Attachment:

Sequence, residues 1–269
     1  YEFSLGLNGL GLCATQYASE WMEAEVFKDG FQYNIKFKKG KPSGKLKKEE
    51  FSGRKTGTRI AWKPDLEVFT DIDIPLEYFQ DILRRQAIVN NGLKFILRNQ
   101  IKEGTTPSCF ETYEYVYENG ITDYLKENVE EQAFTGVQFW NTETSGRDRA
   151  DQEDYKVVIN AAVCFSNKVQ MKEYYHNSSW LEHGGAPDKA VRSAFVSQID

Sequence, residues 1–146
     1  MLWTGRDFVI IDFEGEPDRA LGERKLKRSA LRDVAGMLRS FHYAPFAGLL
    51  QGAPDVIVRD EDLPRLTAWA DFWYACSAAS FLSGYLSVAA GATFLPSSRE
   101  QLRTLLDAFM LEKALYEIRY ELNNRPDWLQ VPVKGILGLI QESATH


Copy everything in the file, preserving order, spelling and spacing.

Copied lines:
Sequence, residues 1–269
     1  YEFSLGLNGL GLCATQYASE WMEAEVFKDG FQYNIKFKKG KPSGKLKKEE
    51  FSGRKTGTRI AWKPDLEVFT DIDIPLEYFQ DILRRQAIVN NGLKFILRNQ
   101  IKEGTTPSCF ETYEYVYENG ITDYLKENVE EQAFTGVQFW NTETSGRDRA
   151  DQEDYKVVIN AAVCFSNKVQ MKEYYHNSSW LEHGGAPDKA VRSAFVSQID

Sequence, residues 1–146
     1  MLWTGRDFVI IDFEGEPDRA LGERKLKRSA LRDVAGMLRS FHYAPFAGLL
    51  QGAPDVIVRD EDLPRLTAWA DFWYACSAAS FLSGYLSVAA GATFLPSSRE
   101  QLRTLLDAFM LEKALYEIRY ELNNRPDWLQ VPVKGILGLI QESATH